Two constitutional rights groups have raised the alarm bells over the Liberal government’s recently unveiled “online hate speech” bill, Bill C-36.
Both the Justice Centre for Constitutional Freedoms (JCCF) and the Canadian Constitution Foundation (CCF) have condemned the bill as dangerous and infringing on Canadians’ rights.
“Bill C-36 is not subtle legislation: it is a blatant attack on freedom of thought, belief, opinion and expression, as well as other Charter provisions,” said JCCF Litigation Director Jay Cameron told True North.
According to Cameron, the law’s “anticipatory of hate provision” in section 810.012 is particularly concerning from a legal perspective. The section, which amends the Canadian Human Rights Act, would allow anyone who has fear that a “hate propaganda offence or hate crime” will be committed to bring charges against another person.
“Not only is ‘hate’ not clearly defined in Bill C-36, but it allows a person to be punished and even incarcerated because of something someone imagines that they might say. This is an attack on the presumption of innocence, and is entirely unconstitutional, not to mention frighteningly despotic and totalitarian,” said Cameron.
The Liberals have been promising a bill to address so-called “online hate” since before the 2019 election. On June 23, Liberal Justice Minister David Lametti tabled Bill C-36 with only hours left before the House of Commons’ summer recess. It is expected that the Liberals will re-introduce the legislation when parliament returns in the fall.
True North also reached out to other civil liberties organizations including the Canadian Civil Liberties Association (CCLA), Canadian Journalists for Free Expression (CJFE) and the Canadian Association of Journalists (CAJ) for comment on Bill C-36.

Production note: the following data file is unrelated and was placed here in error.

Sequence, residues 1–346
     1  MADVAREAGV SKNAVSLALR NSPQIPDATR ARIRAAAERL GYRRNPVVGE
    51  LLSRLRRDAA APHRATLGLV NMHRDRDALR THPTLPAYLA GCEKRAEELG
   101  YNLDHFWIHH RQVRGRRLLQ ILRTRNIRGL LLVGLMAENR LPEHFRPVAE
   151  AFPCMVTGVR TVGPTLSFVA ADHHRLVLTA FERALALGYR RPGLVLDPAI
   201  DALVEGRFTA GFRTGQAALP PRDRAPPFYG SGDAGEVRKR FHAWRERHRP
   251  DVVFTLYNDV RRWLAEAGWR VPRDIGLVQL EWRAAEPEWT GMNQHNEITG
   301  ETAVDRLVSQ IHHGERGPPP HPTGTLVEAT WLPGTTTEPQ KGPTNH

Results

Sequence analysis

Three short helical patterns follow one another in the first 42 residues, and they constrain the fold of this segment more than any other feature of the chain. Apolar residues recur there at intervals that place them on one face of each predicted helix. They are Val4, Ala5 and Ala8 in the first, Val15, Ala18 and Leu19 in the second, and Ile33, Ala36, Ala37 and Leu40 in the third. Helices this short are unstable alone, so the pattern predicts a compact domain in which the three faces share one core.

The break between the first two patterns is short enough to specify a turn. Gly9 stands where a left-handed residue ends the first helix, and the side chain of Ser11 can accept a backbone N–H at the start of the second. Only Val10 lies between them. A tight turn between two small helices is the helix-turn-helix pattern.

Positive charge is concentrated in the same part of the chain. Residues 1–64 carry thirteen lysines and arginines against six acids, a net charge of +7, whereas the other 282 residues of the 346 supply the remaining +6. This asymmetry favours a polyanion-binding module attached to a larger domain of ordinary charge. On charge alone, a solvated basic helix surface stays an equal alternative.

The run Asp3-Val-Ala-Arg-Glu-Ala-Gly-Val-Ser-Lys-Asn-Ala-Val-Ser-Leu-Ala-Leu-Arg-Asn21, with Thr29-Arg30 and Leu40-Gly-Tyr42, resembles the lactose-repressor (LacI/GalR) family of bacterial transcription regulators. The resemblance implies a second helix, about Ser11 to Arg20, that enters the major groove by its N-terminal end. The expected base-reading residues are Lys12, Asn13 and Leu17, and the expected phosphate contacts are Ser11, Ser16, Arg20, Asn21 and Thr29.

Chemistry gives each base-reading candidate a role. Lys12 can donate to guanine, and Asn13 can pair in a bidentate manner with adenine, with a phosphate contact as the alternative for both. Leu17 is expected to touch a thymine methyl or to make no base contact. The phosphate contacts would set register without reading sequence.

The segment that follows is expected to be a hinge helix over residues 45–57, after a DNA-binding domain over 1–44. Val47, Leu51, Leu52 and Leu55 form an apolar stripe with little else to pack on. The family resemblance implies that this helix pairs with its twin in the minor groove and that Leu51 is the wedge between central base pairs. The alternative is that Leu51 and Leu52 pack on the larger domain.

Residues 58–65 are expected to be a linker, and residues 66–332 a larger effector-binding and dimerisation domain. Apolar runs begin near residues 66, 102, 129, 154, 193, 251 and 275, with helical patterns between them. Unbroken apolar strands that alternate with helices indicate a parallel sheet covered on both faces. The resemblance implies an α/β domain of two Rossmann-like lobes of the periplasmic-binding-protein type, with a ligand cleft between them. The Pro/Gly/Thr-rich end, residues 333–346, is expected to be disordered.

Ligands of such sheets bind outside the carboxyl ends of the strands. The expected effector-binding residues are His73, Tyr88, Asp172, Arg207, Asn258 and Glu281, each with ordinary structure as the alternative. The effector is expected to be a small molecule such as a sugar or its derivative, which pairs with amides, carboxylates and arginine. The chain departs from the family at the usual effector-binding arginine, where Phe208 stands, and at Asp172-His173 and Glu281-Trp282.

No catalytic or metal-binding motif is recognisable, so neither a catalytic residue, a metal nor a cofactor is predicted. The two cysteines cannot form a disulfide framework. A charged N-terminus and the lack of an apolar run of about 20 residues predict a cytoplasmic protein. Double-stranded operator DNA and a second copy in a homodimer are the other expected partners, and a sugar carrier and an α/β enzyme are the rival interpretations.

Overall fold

CAJ president Brent Jolly noted the technical aspects of the bill have not yet been released, but said his organization would “monitor” the bill’s developments.
“Like just about any proposed legislation dealing with speech, if the law is written badly it could impinge on the freedom of the press,” Jolly said. “We just don’t know enough at this very moment to come to a rushed position. So, we will continue to monitor the legislation and speak up in the event that it is necessary.“
The CJFE and CCLA did not respond to a request for comment, however the CCLA’s Cara Zwibel expressed concerns in an interview with the National Post.
“I think we will probably see people making complaints that probably shouldn’t go forward and there may be a chilling effect on people who were concerned about expressing themselves and whether they’ll cross some sort of line,” Zwibel told the National Post.
In a recent statement on the legislation the CCF, also slammed Bill C-36 for giving “unelected tribunal bureaucrats even greater control” over free speech.
“It essentially proposes to put bureaucrats in charge of parsing and policing speech on the internet,” wrote CCF Executive Director Joanna Baron in a recent op-ed.
Those found guilty of breaking the proposed law could face up to $50,000 in fines, probation, and in the worst case scenario even imprisonment for uttering statements perceived as “hateful.”
As noted by both the JCCF and the CCF, Canada already has hate speech laws in place to prosecute and charge people found to have said something criminally hateful.
“The truth is that Bill C-36 is about preventing disagreement with woke orthodoxies. Imagine being censored by Twitter, for example, for saying that men do not have uteruses, or something similar, and then getting a $50,000 fine from the Trudeau government, being put on 12 months probation where your expression is scrutinized for conformity to government orthodoxies, and if you refuse, being sent to jail,” Cameron told True North.
Other organizations including the People’s Party of Canada have also come out against Bill C-36.